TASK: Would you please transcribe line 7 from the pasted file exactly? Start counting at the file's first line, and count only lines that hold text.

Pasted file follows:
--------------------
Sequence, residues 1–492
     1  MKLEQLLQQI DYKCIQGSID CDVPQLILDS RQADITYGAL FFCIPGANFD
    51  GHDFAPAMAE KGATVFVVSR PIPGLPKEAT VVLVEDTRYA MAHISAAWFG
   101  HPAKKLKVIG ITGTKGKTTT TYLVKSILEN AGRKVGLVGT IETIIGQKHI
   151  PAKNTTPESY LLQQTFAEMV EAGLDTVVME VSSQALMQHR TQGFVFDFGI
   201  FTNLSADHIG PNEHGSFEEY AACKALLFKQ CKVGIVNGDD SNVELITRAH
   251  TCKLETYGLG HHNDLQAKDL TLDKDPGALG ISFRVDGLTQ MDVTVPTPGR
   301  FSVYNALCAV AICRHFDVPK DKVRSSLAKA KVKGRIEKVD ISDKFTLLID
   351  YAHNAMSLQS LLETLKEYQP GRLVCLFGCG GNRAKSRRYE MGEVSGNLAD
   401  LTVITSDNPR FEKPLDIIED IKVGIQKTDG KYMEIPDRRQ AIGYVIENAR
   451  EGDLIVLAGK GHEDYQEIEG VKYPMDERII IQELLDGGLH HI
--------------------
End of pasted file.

   251  TCKLETYGLG HHNDLQAKDL TLDKDPGALG ISFRVDGLTQ MDVTVPTPGR